Is anyone else out there participating in their library’s summer reading program?
Last weekend I went to LDStorymakers writing conference. I went with a critique partner and I got to meet my agent which was pretty awesome (!!!). And I should totally have a picture of this momentous occasion, but I don’t. I’m like the worst ever at remembering to take pictures. In fact, I didn’t even take one picture during the whole conference. I know, right??? I guess I was just too busy soaking in all the writerly Karma of the place. 🙂
The thing I love best about writing conferences is that they help me remember why I love writing in the first place. And they help me remember all those things that make my writing better.
I don’t want to re-hash everything I learned because one, that would be boring, and two, that would be copyright infringement. However, I did want to share a couple of gems.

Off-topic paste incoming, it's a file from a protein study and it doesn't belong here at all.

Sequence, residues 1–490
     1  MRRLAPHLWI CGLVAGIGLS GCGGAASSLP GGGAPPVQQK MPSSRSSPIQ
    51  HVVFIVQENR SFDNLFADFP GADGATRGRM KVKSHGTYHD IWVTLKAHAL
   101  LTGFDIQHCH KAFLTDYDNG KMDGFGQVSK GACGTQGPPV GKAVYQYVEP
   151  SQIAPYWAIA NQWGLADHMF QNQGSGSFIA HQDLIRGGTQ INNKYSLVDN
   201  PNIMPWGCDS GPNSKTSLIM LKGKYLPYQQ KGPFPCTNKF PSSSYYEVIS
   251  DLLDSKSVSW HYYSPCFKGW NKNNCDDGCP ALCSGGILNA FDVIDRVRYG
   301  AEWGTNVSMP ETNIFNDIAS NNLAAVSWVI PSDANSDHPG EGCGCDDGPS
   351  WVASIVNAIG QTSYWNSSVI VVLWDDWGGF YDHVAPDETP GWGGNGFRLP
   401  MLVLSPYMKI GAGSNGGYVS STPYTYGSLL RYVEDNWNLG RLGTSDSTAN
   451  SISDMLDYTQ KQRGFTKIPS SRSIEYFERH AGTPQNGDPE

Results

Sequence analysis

FIRST: You may laugh at this one, but I said a big AMEN! Peggy Eddleman gave a class on getting your writing mojo back. One point she made is that as writers, we seem to think we earn the writer’s badge by missing sleep. We stay up late. Work off of two hours sleep. And somehow this is a bragging point. Well it’s not. WE NEED SLEEP TO FUNCTION. Obviously everyone is different and we all need different amounts of sleep. But skipping sleep is not doing ourselves any favors!
So, don’t be afraid to go to bed on-time to get a full night’s sleep. Then you will be refreshed and ready to tackle a new day and fresh ideas. [And no, we won’t talk about the irony of the fact that I am staying up late to write this.]
SECOND: I attended a class by Chad Morris and Brandon Mull about the 3 parts that make an awesome story idea. While there was lots of good stuff, the gem I got was that every trouble needs a payoff. That may sound obvious. But I needed the reminder. I can’t just make my characters go through hard things and expect my readers to enjoy that. There has to be a moment that makes it all worth it. Both to the character and the reader.